WASHINGTON (Reuters) – US private companies unexpectedly laid off workers in December for the first time in eight months as runaway COVID-19 infections unleashed a new wave of trade restrictions, keeping consumers. from restaurants, bars and other establishments in the service sector.
Private payrolls fell 123,000 jobs last month, the ADP National Employment Report showed Wednesday. This was the first decline in private payrolls since April. The November data was revised down slightly to show 304,000 jobs added instead of the 307,000 initially reported. Economists interviewed by Reuters predicted that private payrolls would rise by 88,000 in December.
The ADP report is jointly developed with Moody’s Analytics. Although it has an erratic record of counting private government payrolls due to methodological differences, it is still observed for clues to the health of the job market.
The report reflected a recent weakness in consumer spending and consistently high layoffs. He stressed the extent of the economic pain caused by the coronavirus pandemic.
Cases of COVID-19 in the United States have jumped to over 20 million, with the death toll exceeding 347,000 since the virus first emerged in China in late 2019, according to the U.S. Centers for Control and disease prevention.
In addition to the virus, the labor market has been held back by the government’s delays in delivering another aid package to businesses and the unemployed.
More than $ 3 trillion in tax incentives have helped companies hire workers and keep others on their payrolls. It also helped millions of unemployed and underemployed Americans pay their bills and keep their groceries, leading to record economic growth in the third quarter. Nearly $ 900 billion in additional government bailout money was approved at the end of December.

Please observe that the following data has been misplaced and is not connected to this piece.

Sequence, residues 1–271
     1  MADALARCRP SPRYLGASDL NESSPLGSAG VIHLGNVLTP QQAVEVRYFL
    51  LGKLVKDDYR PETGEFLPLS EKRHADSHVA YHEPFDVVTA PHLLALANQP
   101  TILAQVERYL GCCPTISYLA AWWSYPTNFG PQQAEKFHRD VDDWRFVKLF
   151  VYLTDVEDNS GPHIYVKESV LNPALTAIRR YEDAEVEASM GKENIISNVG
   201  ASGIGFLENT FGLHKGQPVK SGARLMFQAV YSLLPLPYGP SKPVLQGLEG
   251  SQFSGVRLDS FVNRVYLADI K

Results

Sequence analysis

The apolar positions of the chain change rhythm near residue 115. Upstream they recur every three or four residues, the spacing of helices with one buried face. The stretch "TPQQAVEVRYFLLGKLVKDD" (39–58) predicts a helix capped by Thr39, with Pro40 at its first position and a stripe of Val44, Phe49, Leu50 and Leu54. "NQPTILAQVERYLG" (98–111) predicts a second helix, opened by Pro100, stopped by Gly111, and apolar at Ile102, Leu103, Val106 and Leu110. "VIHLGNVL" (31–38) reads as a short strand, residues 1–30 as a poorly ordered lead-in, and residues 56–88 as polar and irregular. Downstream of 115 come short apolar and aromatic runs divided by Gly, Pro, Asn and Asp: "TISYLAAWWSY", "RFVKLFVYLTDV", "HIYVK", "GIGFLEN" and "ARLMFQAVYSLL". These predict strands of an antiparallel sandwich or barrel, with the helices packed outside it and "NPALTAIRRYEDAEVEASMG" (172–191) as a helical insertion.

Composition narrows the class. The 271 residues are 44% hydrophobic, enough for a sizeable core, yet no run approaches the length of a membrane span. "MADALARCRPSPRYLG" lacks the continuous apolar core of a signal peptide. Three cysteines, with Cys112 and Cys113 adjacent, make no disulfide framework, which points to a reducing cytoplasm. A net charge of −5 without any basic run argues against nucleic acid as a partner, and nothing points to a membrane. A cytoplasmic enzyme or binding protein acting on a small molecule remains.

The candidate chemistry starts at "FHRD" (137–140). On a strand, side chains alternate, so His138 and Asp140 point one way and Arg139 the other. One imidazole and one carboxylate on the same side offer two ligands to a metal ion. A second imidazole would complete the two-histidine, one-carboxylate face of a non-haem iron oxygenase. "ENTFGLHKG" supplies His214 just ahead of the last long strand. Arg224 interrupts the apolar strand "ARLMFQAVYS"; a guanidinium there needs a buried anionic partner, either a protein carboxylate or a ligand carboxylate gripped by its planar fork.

The ADP report was released Friday ahead of the government’s carefully monitored and comprehensive monthly employment report. According to a Reuters survey of economists, private non-farm payrolls likely increased by 100,000 jobs in December, after rising by 344,000 in November.
With government payrolls expected to remain unchanged last month, overall non-farm payrolls are projected to increase by 100,000 jobs after rising to 245,000 in November. This would be the smallest gain since the job recovery began in May and would mean the economy made up around 12.5 million of the 22.2 million jobs it lost in March and April.
Several economists believe the economy lost jobs in December, although those dire predictions were thwarted by a poll on Tuesday showing factory employment picking up in December. Other economists said this supported employment growth last month, albeit at a significantly slower pace than in November.
Economic growth estimates for the fourth quarter are around 5.0% annualized. The economy grew at an historic rate of 33.4% in the third quarter, after contracting by 31.4% in the April-June period, the deepest since the government began keeping records in 1947.
Reporting by Lucia Mutikani; Editing by Chizu Nomiyama